On poetic understanding

Eliot, Larkin and the Rig Veda

Sunshine in the Drawingroom III – Vilhelm Hammershøi (Wikimedia Commons – Nationalmuseum Stockholm)

Just as scientists strive to crystallize deeper truths about the world, so too do poets.  However, whereas scientists further our understanding of reality through a process of abstraction, poets develop insights that resists abstraction and stays at the level of ordinary things.  In The Waste Land, T.S. Eliot uses the quotidian as a way to elicit the philosophical.  A conversation in the pub is interrupted by the bartender calling time and prompting hurried goodbyes, with a literary allusion to Shakespeare’s Tragedy of Hamlet –

“Well, that Sunday Albert was home, they had a hot gammon,

And they asked me in to dinner, to get the beauty of it hot—



Goodnight Bill. Goodnight Lou. Goodnight May. Goodnight.

Ta ta. Goodnight. Goodnight.

Good night, ladies, good night, sweet ladies, good night, good night.”

This moment snatched from a humdrum conversation, interrupted by the urgency of the call to leave the bar, now frozen in time, seems to make time itself and how quickly things fleet away a theme of the poem.  In another passage, Eliot moves from a scene that he would have seen himself every day to a broader reflection based on an another literary allusion, this time to Dante’s Inferno.  Here again a scene is vividly captured, true to life yet also painting a despondent vision that likens the crowds to those in hell –

“Unreal City.

Under the brown fog of a winter dawn,

A crowd flowed over London Bridge, so many

I had not thought death had undone so many.”

In his poem, ‘Church going’, Philip Larkin likewise focuses on the mundane details of a particular visit to a church –

“Hatless, I take off

My cycle-clips in awkward reverence,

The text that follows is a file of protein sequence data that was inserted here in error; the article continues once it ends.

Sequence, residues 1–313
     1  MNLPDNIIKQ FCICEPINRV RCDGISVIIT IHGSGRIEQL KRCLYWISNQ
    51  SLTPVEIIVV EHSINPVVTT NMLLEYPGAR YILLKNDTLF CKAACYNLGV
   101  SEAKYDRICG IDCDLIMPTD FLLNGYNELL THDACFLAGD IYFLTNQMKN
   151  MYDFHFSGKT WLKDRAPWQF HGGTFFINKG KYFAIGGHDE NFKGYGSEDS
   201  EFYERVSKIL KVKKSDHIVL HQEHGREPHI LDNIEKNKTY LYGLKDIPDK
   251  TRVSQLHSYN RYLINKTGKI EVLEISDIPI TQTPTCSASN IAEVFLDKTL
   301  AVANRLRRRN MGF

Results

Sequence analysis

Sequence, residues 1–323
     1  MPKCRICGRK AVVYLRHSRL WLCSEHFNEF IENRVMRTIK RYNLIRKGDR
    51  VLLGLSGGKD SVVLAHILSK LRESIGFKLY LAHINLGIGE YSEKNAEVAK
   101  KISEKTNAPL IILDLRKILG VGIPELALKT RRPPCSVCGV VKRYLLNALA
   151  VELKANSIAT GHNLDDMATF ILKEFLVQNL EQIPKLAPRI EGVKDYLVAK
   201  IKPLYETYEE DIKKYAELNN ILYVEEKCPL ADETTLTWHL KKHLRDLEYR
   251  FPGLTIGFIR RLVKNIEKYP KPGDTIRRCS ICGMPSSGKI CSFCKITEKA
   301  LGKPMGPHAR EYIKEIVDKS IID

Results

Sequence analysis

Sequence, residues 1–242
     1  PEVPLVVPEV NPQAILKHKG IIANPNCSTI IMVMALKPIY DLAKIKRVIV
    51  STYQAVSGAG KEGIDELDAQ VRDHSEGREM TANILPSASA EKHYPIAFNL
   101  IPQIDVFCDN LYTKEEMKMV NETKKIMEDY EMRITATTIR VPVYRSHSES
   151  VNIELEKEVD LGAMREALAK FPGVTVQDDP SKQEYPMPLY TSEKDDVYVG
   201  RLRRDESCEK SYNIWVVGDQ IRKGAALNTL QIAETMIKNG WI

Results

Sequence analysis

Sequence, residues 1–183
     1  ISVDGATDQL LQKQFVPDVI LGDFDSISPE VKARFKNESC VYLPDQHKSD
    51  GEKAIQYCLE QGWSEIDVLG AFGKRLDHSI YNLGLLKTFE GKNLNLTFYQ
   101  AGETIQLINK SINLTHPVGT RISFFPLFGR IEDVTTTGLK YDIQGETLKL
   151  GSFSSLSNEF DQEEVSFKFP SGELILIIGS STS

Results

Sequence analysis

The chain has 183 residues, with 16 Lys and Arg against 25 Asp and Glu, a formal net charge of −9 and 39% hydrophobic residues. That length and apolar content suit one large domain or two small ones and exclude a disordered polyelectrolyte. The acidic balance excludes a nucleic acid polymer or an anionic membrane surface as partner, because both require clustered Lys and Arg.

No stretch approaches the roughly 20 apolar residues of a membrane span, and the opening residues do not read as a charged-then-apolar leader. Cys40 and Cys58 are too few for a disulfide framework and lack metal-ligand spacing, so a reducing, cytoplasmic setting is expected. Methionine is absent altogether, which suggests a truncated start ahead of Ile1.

Move forward, run my hand around the font…

Mounting the lectern, I peruse a few

Hectoring large-scale verses, and pronounce

“Here endeth” much more loudly than I’d meant.”

Yet here too this almost farcical episode is able to summon up something more ethereal –

“A serious house on serious earth it is,

In whose blent air all our compulsions meet,

Are recognised, and robed as destinies.

And that much never can be obsolete”

Indeed, the power of the poet to distil something essential from the everyday has been lauded through the ages.  I previously discussed how the poet, scop, bard or skald has been a figure of high status within all Indo-European societies.  In the classical world it was believed that muses inspire poets and other creative thinkers and speak through them.  The Iliad starts with Homer calling upon the muse of poetry to sing the entire story –

“Rage — Goddess, sing the rage of Peleus’ son Achilles”

[The Iliad, trans. Prof. Robert Fagles, Book 1 Line 1]

A similar idea can be found in the figure of the kavi, or poet, of Vedic literature, who expresses his poetic insight at the time of the soma pressing ritual in a verse that plays on the idea of purifying soma by pressing it out of the plant and purifying speech by transmuting it into poetic expression –

“When the purifiers are filled with thousands of flows [of soma], the inspired poets purify their speech.”

[Rig Veda Maṇḍala 9 Sūkta 73 verses 7ab by Ṛṣi ‘Purifier’ Āṅgirasa; my own translation]

Further, similarly to the idea of the divine muse, the gods themselves are understood to be the true poets. In this case, the crackling, indestructible Soma itself is understood to be an eternal poet speaking and the human poets the vehicles of interpretation of its profound poetic insight –

“The practical, thoughtful poets squeeze out the poet [Soma], the crackling, indestructible filament”

[Rig Veda Maṇḍala 9 Sūkta 72 verses 7ab by Ṛṣi Harimanta Āṅgirasa; my own translation]

In summary, we may say that an essential truth about language and world is revealed by poets in a way that breaks every kind of generic formula as it lies in a proper understanding of the unique and singular moments of our human experience.

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